/Roads, bridges remain a priority

Roads, bridges remain a priority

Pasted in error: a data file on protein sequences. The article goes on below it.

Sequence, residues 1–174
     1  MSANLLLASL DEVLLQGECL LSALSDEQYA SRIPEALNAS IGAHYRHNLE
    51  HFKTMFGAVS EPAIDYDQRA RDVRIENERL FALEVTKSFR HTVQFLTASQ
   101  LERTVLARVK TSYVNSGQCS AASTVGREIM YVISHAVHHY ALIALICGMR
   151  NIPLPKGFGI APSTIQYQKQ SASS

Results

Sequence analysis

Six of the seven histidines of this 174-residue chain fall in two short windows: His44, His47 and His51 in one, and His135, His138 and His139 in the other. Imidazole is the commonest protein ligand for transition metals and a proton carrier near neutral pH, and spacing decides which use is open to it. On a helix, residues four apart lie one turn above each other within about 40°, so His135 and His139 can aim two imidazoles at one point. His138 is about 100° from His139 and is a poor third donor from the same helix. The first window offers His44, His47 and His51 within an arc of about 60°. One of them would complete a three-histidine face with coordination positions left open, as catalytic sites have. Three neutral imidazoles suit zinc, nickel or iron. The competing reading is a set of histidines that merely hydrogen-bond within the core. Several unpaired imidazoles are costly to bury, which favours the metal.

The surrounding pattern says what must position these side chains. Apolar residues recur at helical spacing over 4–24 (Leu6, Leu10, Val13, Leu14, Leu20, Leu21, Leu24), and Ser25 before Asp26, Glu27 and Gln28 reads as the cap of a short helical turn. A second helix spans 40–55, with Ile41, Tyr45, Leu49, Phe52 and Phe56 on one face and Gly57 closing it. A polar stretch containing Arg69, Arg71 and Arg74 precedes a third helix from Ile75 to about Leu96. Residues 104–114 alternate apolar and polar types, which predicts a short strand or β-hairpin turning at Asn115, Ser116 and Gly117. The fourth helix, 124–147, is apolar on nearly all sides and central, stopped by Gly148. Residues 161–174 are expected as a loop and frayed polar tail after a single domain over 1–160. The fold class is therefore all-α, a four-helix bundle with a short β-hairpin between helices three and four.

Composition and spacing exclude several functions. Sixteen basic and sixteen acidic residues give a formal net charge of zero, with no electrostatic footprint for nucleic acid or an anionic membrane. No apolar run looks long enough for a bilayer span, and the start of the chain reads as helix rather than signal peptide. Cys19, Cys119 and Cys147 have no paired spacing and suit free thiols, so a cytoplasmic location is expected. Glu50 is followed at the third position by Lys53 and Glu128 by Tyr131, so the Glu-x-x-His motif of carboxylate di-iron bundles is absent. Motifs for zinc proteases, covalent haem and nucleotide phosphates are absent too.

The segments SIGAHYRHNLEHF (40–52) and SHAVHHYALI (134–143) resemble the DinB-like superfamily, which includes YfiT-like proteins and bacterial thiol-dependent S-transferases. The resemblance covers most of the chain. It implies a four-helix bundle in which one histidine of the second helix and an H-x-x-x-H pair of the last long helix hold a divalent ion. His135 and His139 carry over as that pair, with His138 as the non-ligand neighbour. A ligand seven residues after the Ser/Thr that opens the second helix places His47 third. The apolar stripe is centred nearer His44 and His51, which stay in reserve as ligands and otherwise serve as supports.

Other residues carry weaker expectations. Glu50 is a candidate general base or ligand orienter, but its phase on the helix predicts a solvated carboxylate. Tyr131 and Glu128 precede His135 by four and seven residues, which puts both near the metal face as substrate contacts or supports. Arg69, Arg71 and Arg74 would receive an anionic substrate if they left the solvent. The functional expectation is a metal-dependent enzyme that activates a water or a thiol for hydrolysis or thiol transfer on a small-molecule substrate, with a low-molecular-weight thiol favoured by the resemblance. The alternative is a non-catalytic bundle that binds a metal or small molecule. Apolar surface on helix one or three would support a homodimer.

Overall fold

The Mississippi Economic Council lobbied for $375 million more revenue to meet the state’s immediate transportation requirements during this year’s legislative session. A number of lobbyist groups supported the MEC’s priority to expand and maintain Mississippi’s infrastructure. Scott Waller, executive vice-president of the Mississippi Economic Council led the push. The research was based upon research from the University of Southern Mississippi and Mississippi State University. Based on the amount that the Transportation Department would require in additional funds to maintain roads in good condition, the $375 million figure was calculated. There were many options for infrastructure investment that the Mississippi Economic Council suggested. Waller pointed out that the Legislature will have to choose a method sooner than the Legislature. This means that each dollar will not be as effective. Waller stated that there were many options. Waller stated that waiting was not an option. The taxpayer will pay more the longer we wait, if we have to wait. It seems like the prudent thing to do is to invest in our infrastructure.” Rep. Robert Foster (R-Hernando) asked Melinda McGrath, Transportation Department Executive Director, for an assessment of Mississippi’s roads, and a figure for how much funding would be needed to make them safe. McGrath replied that it would cost approximately $400 million. McGrath replied that $400 million would be about what it would take. However, nobody on the panel inquired about the funding method — such as bonding, gas tax increases, or additional sales tax diversion. Mississippi Today reached out and spoke to several of the groups that supported the MEC’s spring push to find out their plans for moving forward. The Mississippi Association of Supervisors has had Derrick Surrette as its executive director for eight years. The association supports county governments. Since he was there, road and bridge maintenance and repair have been at the forefront of the group’s agenda. The Mississippi Department of Transportation maintains many of the state-aid roads through Mississippi’s counties. Surrette stated that funding these roads is a significant cost to county governments. “We receive a very low portion of the petroleum tax.” It goes to state aid roads and not locally maintained roads. Only property taxes are allowed. Not sales taxes. Petroleum taxes. Generally, property taxes do not rise because the assessed values are not increasing. Supervisors do their best to keep taxes from rising.” County funding for large and expensive projects is provided by the Local System Bridge Replacement Program or the Local System Road Program. The Office of State Aid Road Construction grants counties the right to use the designated funds and general state aid funds to build and maintain local roads and bridges. Mississippi Association of Supervisors supported the MEC’s efforts to increase funding for transportation. Surrette stated, “We walked through the halls trying for road and bridge financing.” I heard a lot about tax increases. It’s just not enough money. This is very basic talk in the realm of policy and politics. Let’s move on to the third or fourth grade and start to think about why and how we will do it. What are the benefits? What are the downsides? Farm Bureau is home to 192,000 members in 82 county offices. The bureau establishes legislative goals each year. Mississippi Today reached Mike McCormick to learn that Farm Bureau had not yet established its policy resolutions for 2017. McCormick stated that “we usually set three priorities each session.” Last year, road and bridge repairs was one of our priorities. They are vital to farmers. Farmers depend on state and local roads to transport their livestock and crops for processing and sale. McCormick stated that it was in 2014 that it became a problem for farmers crossing Highway 6. “They closed all the bridges and the east Mississippi men couldn’t cross the river to the ports to get their grain. They had to travel about 100 miles further. It was a major issue for our guys across the state.” Engineers from the Department of Transportation “post” bridges that are structurally impaired. The sign will indicate the maximum weight the bridge can support. The department will close bridges that are unsafe to traverse until they can be repaired if they reach a point of decay. McGrath at Transportation stated that the agency does not use scare tactics to try to get the Legislature funding increases. “If a bridge becomes unsafe, we will close it down to protect people.” More than 350 of the agency’s Five Year Plan projects are related to maintenance, construction, or expansion of bridges. McCormick stated that “Because these posted bridges are they having to travel miles and miles to be able deliver their goods.” It’s an inconvenience but could be a liability to have trucks on the roads for longer than they need. Accidents do happen. The cities of Mississippi are another piece of the infrastructure puzzle. Shari Veazey is the executive director of Mississippi Municipal League. She said that even though the league hadn’t approved its legislative agenda for 2017, the league was working to assist cities with street, water, and sewerage infrastructure. Veazey stated that this is a crucial issue for most of our cities. But a lot of it depends on state revenues, and we have to prove our point. That was what we tried last year. We will do it again next year. Veazey stated that additional municipal sales tax divertions were a method of funding infrastructure improvements. Cities currently receive 18.5 percent of the sales tax collected within their municipal boundaries. Veazey stated that the bill was aimed at increasing the municipal sales tax diversion from 18.5 percent to 20 percent over a period of two years. Veazey stated that the bill died in conference. It would have cost the general fund 40 million dollars to fully phase it in. We were told that projections for state revenue were falling. In reality, this is just giving the money back to cities.” Although the proposal failed in its last session, Veazey stated that the Municipal League hopes to find a way for the diversion increase to be passed in 2017’s legislative session. Rep. Charles Busby (R-Jackson County), is the chairman of the state’s House transportation committee. He wants the lobbying efforts taken by these groups to be only the beginning. Busby stated, “We must do what’s fiscally responsible.” “How can we leave here without having funded something we all agree is a core obligation of government. Our government has a fundamental responsibility for our infrastructure. Part 2: Commissioners call for more highway revenue. Part 3: Legislators examine highway spending waste. Support this work by making a regular donation to our Spring Member Drive. This will allow us to continue important work such as this one. Our reporters give a human face to policy’s impact on everyday Mississippians by listening more closely and understanding their communities. To ensure that our work is aligned with the priorities and needs of Mississippians, we are listening to you. Click the button below to let us know what you think. Republish this Story You can freely republish our articles online or in print under a Creative Commons licence. This work is licensed under a Creative Commons Attribution-NoDerivatives 4.0 International License.